1. Application of water to the surface
    E.g. Spraying, ponding, immersion, damp sand, etc.
  2. Preventing the loss of moisture
    E.g. Continuous wetting the surface, using different compounds, etc.

Methods of curing of concrete

Different methods of curing are:

1.Spraying

-Water is sprayed to the concrete surface by the use of different spraying tools and pipes.

-It is suitable for curing vertical surface of concrete-like walls, pillars, etc.

curing of concrete-Reinforced Cement Concrete

2. Wet Curing

-The main aim of wet curing is to prevent moisture loss from the surface.

– Wet curing is done by the use of jute bag, wet sand, etc. 

– This method is suitable for a hot climate.

curing of concrete

3. Ponding

–  In this method, small ponds are made and water is filled on it. 

– It is best for horizontal curing of concrete.

ponding

4. Immersion

– To immerse the concrete of small-size into a water tank; this method is used.

– It is best for separate small concrete elements like the cover of the tank ( concrete cover).

curing of concrete

Lack of curing of concrete

Lack of curing leads to the following:

  1. Cracks of concrete and plasters.
  2. When the paint is applied to the surface which is not cured properly, it leads to non-uniformness, non-smoothness and aligatering of paint. 
  3. Efficiency is decreased by nearly 50 %.

Staircase

1.1: Introduction

      A staircase is a means of providing access from the one-floor level to another. It is a means for vertical circulation. Modern stairs with their handrails are designed with the main emphasis. Space/room for housing stairs is called staircase or the room or enclosure of the building where the stair is located is known as the staircase.

staircase

1.2: Necessity of staircase

1)Protect people from injury and facilitate access during movement from one level to another in a building.

2)Used for the purpose of safe ascent or descent.

3)Also used as a means of escape in case of fire.

1.3: Technical terminology

            Elements of the staircase are as follows:-

staircase

1)Tread

         The horizontal member of a stair, on which the foot is placed while ascending or descending. It is the horizontal distance between two successive risers. It is also known as the “Going”.

2)Riser

It is the vertical member of a stair that supports tread. The vertical distance between two consecutive treads is called “rise”.

3)Step

          Riser and tread together are called step.

4)Staircase

         The volume (enclosure) where the stair is accommodated is the staircase.

5)Stairway/stairwell

         It is the space where the stair is housed.

6)Landing

          Platform left between two flights for circulation and rest is landing.

7)Flight

        Series of steps between landings is flight.

8)Winder

          The trapezoidal tread is called winder.

9)Nosing

        The exposed edge of the tread, projected outward is nosing.

10)Strings/Stringers

          The members receiving ends of steps are stringers.

11)Soffit

       The underside of the stair is soffit.

12)Headroom

           Minimum clear distance between the tread and the overhead structure.

13)Handrail

Protecting member usually parallel to the string, for support while ascending or descending.

14)Baluster

          The vertical infill member between the string and the handrail. A row of balusters surmounted with handrail is known as the “Balustrade”.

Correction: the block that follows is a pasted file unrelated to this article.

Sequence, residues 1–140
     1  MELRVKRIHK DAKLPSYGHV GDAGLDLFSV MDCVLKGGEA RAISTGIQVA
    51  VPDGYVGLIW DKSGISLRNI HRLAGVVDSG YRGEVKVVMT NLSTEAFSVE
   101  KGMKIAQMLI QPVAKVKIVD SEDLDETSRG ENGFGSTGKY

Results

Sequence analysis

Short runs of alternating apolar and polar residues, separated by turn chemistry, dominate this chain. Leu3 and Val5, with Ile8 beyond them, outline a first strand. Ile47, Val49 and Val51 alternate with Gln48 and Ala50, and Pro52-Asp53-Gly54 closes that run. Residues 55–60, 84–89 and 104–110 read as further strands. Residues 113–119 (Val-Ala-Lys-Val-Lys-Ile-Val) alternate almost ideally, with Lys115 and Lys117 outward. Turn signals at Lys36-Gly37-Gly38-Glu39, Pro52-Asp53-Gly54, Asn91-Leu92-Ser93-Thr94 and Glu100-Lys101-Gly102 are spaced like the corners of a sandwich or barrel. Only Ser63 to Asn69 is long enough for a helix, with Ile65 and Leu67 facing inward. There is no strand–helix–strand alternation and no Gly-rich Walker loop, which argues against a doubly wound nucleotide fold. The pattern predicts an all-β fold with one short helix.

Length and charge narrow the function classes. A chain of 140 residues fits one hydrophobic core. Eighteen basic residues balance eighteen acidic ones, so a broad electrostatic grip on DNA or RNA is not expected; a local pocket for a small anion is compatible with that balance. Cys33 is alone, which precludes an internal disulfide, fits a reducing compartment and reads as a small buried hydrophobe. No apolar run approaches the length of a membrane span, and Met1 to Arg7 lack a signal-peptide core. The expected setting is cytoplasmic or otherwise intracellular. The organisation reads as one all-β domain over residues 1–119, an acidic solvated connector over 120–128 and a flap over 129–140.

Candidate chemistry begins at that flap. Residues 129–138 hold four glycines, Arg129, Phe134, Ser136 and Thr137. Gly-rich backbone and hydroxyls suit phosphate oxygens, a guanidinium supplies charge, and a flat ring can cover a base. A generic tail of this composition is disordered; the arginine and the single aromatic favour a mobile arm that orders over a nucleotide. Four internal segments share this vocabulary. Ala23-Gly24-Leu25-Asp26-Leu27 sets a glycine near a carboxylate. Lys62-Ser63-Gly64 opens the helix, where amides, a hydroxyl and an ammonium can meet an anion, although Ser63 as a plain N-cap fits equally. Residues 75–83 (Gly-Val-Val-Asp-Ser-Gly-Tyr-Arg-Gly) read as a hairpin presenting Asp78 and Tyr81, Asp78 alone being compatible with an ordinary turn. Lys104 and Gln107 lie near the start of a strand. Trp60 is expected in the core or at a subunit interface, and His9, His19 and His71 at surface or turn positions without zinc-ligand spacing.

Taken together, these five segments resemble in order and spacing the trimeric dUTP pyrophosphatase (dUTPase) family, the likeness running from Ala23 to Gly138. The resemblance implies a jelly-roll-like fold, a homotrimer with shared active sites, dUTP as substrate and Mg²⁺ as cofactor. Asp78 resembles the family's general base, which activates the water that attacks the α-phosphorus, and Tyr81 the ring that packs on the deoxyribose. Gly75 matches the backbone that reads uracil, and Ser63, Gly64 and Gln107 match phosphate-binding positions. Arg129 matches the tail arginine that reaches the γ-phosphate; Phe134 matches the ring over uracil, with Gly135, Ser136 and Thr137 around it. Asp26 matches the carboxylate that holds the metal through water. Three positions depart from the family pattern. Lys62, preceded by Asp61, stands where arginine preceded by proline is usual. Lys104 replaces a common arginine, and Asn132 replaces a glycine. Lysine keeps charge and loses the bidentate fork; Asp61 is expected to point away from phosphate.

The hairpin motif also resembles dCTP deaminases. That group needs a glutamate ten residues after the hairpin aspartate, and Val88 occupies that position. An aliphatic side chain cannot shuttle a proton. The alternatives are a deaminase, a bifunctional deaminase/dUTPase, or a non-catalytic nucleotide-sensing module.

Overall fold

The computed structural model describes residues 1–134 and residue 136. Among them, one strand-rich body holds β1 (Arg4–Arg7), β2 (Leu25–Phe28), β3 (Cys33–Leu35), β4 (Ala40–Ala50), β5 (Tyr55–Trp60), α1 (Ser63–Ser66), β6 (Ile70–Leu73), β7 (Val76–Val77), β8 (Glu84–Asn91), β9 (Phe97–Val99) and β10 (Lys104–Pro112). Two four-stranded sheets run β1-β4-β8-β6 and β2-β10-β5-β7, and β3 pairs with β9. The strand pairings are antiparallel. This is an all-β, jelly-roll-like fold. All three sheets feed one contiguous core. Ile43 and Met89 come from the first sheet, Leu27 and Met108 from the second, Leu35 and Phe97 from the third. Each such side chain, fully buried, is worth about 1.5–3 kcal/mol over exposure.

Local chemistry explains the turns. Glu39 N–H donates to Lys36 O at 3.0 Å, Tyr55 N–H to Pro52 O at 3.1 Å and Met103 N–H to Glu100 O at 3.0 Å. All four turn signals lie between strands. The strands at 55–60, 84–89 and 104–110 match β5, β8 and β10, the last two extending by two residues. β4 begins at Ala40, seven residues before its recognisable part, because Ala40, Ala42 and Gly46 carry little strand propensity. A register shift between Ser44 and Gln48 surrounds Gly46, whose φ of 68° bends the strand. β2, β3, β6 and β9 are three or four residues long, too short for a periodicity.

15)Pitch Line

      An imaginary line connecting the nosing of all tread in one flight. Pitch or slope is the angle made by the line with the horizontal.

16)Newel

         Post forming the junction of flights with a landing or carrying the lower end of strings.

1.3: Types of Staircase

        Stairs can be classified under two headings:-

1)Classification based on materials

2)Classification based on shapes.

1)Classification based on materials 

       Based on the materials of construction stairs are as follows:-

a)Timber stair

b)Stone stair

c)Concrete Stair

d)Metallic Stair

e)Masonry stair

              The stairs may be built with concrete masonry, wood or with cast iron.  Wooden stairs are at high risk of fire. However, they are used in unimportant buildings to access small areas on the upper floors. Cast iron or steel stairs in the spiral forms were used commonly to reduce the area of the staircase. In many residential buildings, masonry stairs are also used. Reinforced concrete stairs are commonly used in all types of buildings.

2) Classification based on shapes

Based on the shapes stairs are classified as:-

a)Straight stairs

b)Well or open-newel stairs

c)Spiral stairs

d)Dog legged stairs

e)Geometrical stairs

f)Turning stairs

g)Helical etc

1.4: Design of the staircase

-Design procedure

            When the level difference between two floors (ceiling height plus the thickness of the floor slab are given:-

1) Assume the types of building and stair and accordingly the size of the riser(R).

2) Find the number of risers by NR=(level difference/size of the riser).

3) Find the number of treads by NT =(NR-1).

4) Assume the size of tread (T).

5) Assume the width of the stair.

6) Consider the size of landing (L)equal to the width of the stair.

7) Assume the entry space (E), generally equal to landing).

8) Find the total length of stair =(NT*T)+L+E.

9) Adjust the size of riser and tread if required.

Salient Points to be considered in Locating Stairs 

The following points should be considered in locating stairs in a building:-

(A) They must be located near the main entrance to the building.

(B) There should be easy access from all rooms without disturbing the privacy of the rooms.

(C) There should be a spacious approach.

(D) Good light and ventilation should be available.